Output is only as good as input

From Death to Stock Photo
From Death to Stock Photo

This weekend my partner celebrated his 33rd birthday. For gifts I gave him the 2013 editions of Best American Short Stories and Best American Non-Required Reading, because this guy could really use some pleasure reading.

Toku (pronounced like “tofu”) is a prolific writer. He sticks to an unshakeable regimen of three posts per week on his blog. It doesn’t matter how full his days are; he will stay up late if it means sticking to his schedule.

And not only is he writing blog posts like a motherfucker, but he’s also writing his first book and starting a business to design an app.

For the last couple weeks he’s had a hard time with the blogging regimen. He gets it done, but it’s not going so well. He’s published over 160 posts, but the last few have come out very grudgingly.

Maybe you know the feeling. The creative mind throws a tantrum, sort of like a child who sits down in the middle of the sidewalk and refuses to go anywhere. Eventually you coax them into walking but not without some screaming and crying.

The books weren’t my first choice as birthday gifts, but they turned out to be a good idea. When I gave the books to Toku, I told him my theory about why writing has been hard for him lately. I told him he has too much creative output. He’s writing a book and designing an incredible product on top of regimental blog posting. Yet it’s been months since he read a book for pleasure. Too much creative output and not enough creative input.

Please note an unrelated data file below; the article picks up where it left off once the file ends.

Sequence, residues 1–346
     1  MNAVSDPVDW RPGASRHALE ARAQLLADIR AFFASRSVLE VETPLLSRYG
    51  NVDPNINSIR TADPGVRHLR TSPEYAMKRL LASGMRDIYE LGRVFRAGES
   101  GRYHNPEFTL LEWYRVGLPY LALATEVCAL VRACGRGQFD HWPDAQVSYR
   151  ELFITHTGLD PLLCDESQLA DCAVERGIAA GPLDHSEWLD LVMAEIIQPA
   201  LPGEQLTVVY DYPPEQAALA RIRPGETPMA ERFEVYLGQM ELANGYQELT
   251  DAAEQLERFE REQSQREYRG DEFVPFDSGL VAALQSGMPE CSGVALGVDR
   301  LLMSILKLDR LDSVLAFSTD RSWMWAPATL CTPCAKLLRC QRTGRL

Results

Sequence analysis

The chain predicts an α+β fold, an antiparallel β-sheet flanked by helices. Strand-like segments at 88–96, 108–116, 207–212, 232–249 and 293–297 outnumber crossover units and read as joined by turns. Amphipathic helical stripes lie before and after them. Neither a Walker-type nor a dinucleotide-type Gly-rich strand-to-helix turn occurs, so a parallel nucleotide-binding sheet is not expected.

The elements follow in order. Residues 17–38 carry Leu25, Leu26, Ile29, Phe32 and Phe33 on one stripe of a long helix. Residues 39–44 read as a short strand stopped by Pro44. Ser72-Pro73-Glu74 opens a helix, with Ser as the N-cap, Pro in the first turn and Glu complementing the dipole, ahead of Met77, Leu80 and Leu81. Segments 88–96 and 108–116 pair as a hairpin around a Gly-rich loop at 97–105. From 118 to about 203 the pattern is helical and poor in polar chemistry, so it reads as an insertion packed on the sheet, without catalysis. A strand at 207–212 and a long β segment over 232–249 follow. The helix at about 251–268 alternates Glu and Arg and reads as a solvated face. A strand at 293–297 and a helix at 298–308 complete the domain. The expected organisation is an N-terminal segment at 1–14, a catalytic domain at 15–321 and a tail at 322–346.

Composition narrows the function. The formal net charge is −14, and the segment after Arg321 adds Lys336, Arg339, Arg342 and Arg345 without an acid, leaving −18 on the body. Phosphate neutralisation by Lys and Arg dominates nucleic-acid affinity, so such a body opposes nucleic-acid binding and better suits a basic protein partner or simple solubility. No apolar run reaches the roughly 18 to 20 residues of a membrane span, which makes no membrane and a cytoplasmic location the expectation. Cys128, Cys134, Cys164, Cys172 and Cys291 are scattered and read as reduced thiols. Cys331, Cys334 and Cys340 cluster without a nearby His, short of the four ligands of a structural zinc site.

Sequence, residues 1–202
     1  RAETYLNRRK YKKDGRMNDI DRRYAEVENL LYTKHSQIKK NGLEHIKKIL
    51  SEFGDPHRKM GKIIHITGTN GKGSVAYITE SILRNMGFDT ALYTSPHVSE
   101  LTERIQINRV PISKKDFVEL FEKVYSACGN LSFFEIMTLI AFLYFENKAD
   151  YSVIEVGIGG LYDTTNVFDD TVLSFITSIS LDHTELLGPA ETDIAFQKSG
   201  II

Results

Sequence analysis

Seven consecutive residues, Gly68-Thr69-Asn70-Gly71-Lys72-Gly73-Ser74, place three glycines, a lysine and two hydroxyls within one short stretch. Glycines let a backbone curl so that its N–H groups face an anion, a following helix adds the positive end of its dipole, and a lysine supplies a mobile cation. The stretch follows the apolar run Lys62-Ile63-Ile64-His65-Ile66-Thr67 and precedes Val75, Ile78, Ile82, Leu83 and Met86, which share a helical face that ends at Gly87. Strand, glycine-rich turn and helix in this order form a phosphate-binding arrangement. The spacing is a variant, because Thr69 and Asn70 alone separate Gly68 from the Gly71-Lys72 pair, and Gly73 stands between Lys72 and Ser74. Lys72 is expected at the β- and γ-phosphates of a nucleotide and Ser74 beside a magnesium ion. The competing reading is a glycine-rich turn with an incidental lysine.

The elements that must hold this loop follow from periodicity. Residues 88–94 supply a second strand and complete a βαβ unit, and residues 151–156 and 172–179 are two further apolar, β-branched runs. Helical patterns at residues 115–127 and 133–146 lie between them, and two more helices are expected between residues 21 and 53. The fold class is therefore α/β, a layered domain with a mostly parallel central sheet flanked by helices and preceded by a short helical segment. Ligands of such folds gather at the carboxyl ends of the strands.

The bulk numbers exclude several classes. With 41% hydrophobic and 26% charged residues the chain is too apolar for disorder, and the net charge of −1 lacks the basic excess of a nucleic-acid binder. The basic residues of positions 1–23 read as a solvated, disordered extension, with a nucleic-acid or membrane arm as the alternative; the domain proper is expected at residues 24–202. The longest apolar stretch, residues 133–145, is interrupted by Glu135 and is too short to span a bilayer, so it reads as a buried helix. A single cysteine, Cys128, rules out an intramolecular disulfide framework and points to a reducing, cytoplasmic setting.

When I told him this, he said, “You mean BuzzFeed doesn’t count?” No, it doesn’t.

He was kidding of course, but it made an important point. The Internet is not inspiring. Maybe 3% of it is, but to find that percentage you have to dig through the other 97% of poopy diapers, moldy cheese, and fuzzy tupperware leftovers that is the garbage on the Internet. Stay on the Internet too long and your creative mind turns into a drooling mouthbreather.

Reading is important for writers. People like to throw around that Stephen King quote, because there’s some reality to that. Reading is more than an on-going instruction on writing. It’s has new stories, new images, another writer’s language and unique voice, ideas you never considered.

I make a point to read at least ten minutes before bed every night, usually longer. And not books about business, self-help, or crap about building your platform.  Well-crafted stories.

Reading is the every day, but there’s other ways, too: art museums, galleries, and art books from the library; listening to an album from beginning to end; nature; people watching; anything imaginative that goes into the creative mind versus coming out of it.

Reading inspires, that’s why you started writing in the first place.


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